The state’s fishing authority says four people are under investigation for allegedly trying to sell cockles – some of which are believed to have been caught in Lake Illawarra – on social media.
The NSW Department of Primary Industries’ (DPI) latest catch comes amid a crackdown on the shellfish behaviour of recreational anglers, who are taking more than their fair share of cockles from the lake.
The daily bag limit for cockles is 50 per person.
However, some recreational fishers have been spotted with hundreds of the sought-after shellfish – including two people who, according to the DPI, were caught collecting 783 cockles under the cover of darkness.
The duo are expected to be issued court attendance notices and could face fines of up to $22,000 and six months in jail, or both.
Since December, the DPI said its fisheries officers had inspected 886 people collecting cockles in Lake Illawarra.
During those inspections, officers detected 188 offences, seized more than 11,000 cockles and issued fines totalling $21,000.
An additional 123 warnings were also issued.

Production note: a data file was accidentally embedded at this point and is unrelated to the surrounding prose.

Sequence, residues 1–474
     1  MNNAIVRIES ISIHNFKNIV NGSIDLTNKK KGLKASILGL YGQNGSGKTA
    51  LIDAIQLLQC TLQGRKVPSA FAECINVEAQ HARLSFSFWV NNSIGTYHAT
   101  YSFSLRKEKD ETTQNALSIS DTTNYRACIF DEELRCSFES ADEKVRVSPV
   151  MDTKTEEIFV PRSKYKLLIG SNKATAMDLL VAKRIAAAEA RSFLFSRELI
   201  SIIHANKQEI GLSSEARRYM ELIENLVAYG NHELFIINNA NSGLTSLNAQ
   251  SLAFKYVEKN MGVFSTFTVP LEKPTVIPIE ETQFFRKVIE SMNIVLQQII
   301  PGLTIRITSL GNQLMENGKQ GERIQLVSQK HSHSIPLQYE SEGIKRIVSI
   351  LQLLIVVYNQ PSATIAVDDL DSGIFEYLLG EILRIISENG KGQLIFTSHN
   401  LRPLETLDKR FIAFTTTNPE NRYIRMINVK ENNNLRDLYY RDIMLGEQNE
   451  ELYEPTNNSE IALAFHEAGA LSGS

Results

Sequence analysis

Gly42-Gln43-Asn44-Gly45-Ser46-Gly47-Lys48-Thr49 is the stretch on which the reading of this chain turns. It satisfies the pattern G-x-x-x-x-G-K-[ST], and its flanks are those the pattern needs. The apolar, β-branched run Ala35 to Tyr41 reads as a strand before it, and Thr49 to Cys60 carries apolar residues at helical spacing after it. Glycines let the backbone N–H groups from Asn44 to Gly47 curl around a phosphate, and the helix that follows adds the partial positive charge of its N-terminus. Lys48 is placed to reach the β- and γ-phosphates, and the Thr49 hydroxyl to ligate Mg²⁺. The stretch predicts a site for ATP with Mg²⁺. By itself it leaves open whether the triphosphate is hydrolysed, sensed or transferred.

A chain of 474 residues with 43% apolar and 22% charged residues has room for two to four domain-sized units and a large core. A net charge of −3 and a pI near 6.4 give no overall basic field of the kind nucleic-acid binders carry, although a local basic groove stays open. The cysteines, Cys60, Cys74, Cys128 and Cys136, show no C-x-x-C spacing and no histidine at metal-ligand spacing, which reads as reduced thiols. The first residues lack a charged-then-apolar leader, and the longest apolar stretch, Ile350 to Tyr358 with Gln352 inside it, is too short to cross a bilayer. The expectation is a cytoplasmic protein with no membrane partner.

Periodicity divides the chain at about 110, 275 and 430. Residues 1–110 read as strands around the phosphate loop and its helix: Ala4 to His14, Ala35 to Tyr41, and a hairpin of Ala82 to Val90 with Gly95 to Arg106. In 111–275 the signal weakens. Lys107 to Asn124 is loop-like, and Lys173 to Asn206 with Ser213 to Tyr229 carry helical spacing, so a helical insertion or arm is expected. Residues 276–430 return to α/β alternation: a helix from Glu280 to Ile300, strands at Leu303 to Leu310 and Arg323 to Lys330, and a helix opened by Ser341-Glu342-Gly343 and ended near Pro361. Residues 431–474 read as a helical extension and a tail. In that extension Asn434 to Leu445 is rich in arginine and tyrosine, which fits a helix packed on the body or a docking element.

During the same period, fisheries officers also seized more than 3000 cockles from people collecting illegally across Sydney, handing out almost $20,000 worth of fines and issuing 13 warnings.
Three matters are still under investigation and may result in more fines being issued, the DPI said.
The authority also revealed it had uncovered an emerging trend of recreational fishers trying to sell cockles on social media.
“DPI Fisheries recently relocated a fisheries investigator to Sydney to investigate illegal sales of seafood,” it said.
“Four people are being investigated for the illegal sale of cockles, some of which are believed to have come from Lake Illawarra, on social media.
“These people face penalties up to $110,000 if prosecuted. Only licensed, endorsed commercial fishers can take fish to sell in NSW.”
The DPI said commercial fishers must comply with strict rules about how and what they can take, and how they sell the fish, including the safe handling of seafood.
“The message is simple for recreational fishers – stick to the bag limits and don’t sell your fish,” it said.
Suspected illegal fishing activity can be reported via the Fishers Watch hotline on 1800 043 536, online via the DPI website or through the FishSmart NSW app.
Penalties for the illegal collection of cockles and other shellfish range from on-the-spot fines of $500 for a first offence to $44,000 and/or 12 months in jail for subsequent offences.
Fisheries officers can also seize fishing gear, vehicles and boats connected to offences.